Suitable for students and scholars, this title challenges the assumption that skepticism, rather than established belief, lies at the heart of scientific discovery.

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  • Write No Matter What
    Write No Matter What (English, Paperback) Joli Jensen

    With growing academic responsibilities, family commitments, and inboxes, scholars are struggling to fulfill their writing goals. A finished book?or even steady journal articles?may seem like an impossible dream. But, as Joli Jensen proves, it really is possible to write happily and productively in academe....

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  • The Human Condition
    The Human Condition (English, Paperback) Hannah Arendt

    Considering humankind from the perspective of the actions of which it is capable, this text addresses diminishing human agency and political freedom - the paradox that as human powers increase through technology and inquiry, we are less equipped to control the consequences of our actions.

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  • A Manual for Writers of Research Papers, Theses, and Dissertations
    A Manual for Writers of Research Papers, Theses, and Dissertations (English, Paperback) Kate L. Turabian

    Offers guidelines to help students understand how to write, cite, and formally submit research writing. This title provides an overview of citation practices with detailed information on the two main scholarly citation styles, an array of source types with contemporary examples, and detailed guidance on citing online resources.

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  • The Aeneid
    The Aeneid (English, Hardback) Virgil, David Ferry

    Ten years ago, at the age of 82, David Ferry (b. 1924) began translating Virgil's epic, in between working on his other poems and translations. This new rendering, which is likely to supplant the current standard editions of the poem, recreates in immediate, forward moving, and rhythmic contemporary American English that ?sound-and-sense witchery, at once stately and debauched, of Virgil's Latin? (as noted by one of the Press's readers). It offers a new way into this timeless work for poetry lovers of all levels of knowledge and experience, and will be, without a doubt, the crowning achievement for the National Book Award-winning Ferry. The publication of a new Virgil for a new generation of readers will be an extraordinary event for American letters.

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  • How to Tame a Fox (and Build a Dog)
    How to Tame a Fox (and Build a Dog) (English, Hardback) Lee Alan Dugatkin, Lyudmila Trut

    In southern Siberia resides Mavrik, the size of a sheepdog, who wags his tail, rolls on his back, and pants in anticipation of human attention. He's as docile and playful as any lapdog. And yet he is a fox, the result of the most extraordinary breeding experiment ever conducted. More than a half century ago, a Soviet biologist named Dmitry Belyaev decided to gather up 130 foxes from Siberian fox farms and figure out just how long it would take to domesticate them. Their goal was to recreate the evolution of wolves into dogs. Most accounts of the natural evolution place it over a time span of about 15,000 years, but within ten years of starting the fox breeding program, Belyeav experiments had resulted in puppy-like foxes. Floppy ears appeared within one generation, then followed the piebald spots we are so used to seeing on the bellies and foreheads of dogs?and pigs and cows for that matter. Belyeav had literally compressed thousands of years of domestication into a handful of years, and with the experiments, he then turned to unlocking the molecular mysteries of domestication. Belyaev died in 1985, but not before recruiting Lyudmila Trut to the experiment, who has run it ever since?53 generations of foxes have been domesticated. And this is their story, recounted for the first time in book form.

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  • The Philosophical Hitchcock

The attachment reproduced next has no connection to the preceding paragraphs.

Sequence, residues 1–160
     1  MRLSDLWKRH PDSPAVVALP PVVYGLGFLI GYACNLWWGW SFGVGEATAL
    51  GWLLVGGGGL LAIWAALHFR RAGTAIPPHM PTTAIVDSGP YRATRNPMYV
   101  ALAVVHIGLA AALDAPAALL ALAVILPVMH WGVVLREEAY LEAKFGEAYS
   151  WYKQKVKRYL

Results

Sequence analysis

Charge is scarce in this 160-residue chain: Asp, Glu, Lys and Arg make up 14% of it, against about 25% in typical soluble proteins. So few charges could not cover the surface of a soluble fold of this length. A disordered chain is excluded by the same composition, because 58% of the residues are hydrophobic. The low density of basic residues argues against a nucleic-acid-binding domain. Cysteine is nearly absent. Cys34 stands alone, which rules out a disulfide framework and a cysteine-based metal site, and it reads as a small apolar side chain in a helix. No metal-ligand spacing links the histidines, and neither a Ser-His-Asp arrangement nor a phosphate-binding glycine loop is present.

The Philosophical Hitchcock (English, Hardback) Robert B. Pippin

    On the surface, The Philosophical Hitchcock: Vertigo and the Anxieties of Unknowingness, is a close reading of Alfred Hitchcock's 1958 masterpiece Vertigo. This, however, is a book by Robert B. Pippin, one of our most penetrating and creative philosophers, and so it is also much more. Even as he provides detailed readings of each scene in the film, and its story of obsession and fantasy, Pippin...

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  • The Postgenomic Condition
    The Postgenomic Condition (English, Paperback) Jenny Reardon

    As the jubilation surrounding the publication of the human genome sequence ended, a question?at once sobering and exciting?moved to the fore: now that we have ?the human genome,? what does it mean? Drawing upon trust built over twenty years?first working in molecular biology laboratories, and then chronicling the emergence of human genomics?Jenny Reardon crafts stories that bring the reader into these much richer spaces where the meaning of genomic data and its value are being forged. In these spaces efforts to provide open access to genomic data in the name of medical breakthroughs meet the particular bodies, histories, and constraints of the people asked to offer up their genomes. Aspirations of free movement of data meet the lived realities of persons and worlds bound by resource limitations and conflicting values. While the news media is filled with grand visions of future designer drugs and babies, The Postgenomic Condition brings into view the hard on-the-ground questions of science and justice generated as many over the course of the last decade attempted to make the human genome central to living today.

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  • Vivian Maier
    Vivian Maier (English, Hardback) Pamela Bannos

    Who was Vivian Maier? Many people know her as the reclusive Chicago nanny who wandered the city for decades, constantly snapping photographs, which were unseen until they were discovered in a seemingly abandoned storage locker. They revealed her to be an inadvertent master of twentieth-century American street photography. Not long after, the news broke that Maier had recently died and had no...

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  • Clashing Over Commerce
    Clashing Over Commerce (English, Hardback) Douglas A. Irwin

    Should the United States be open to commerce with other countries, or should it protect domestic industries from foreign competition? This question has been the source of bitter political conflict throughout American history. Such conflict was inevitable, James Madison argued in The Federalist Papers, because trade policy involves clashing economic interests. The struggle between the winners and...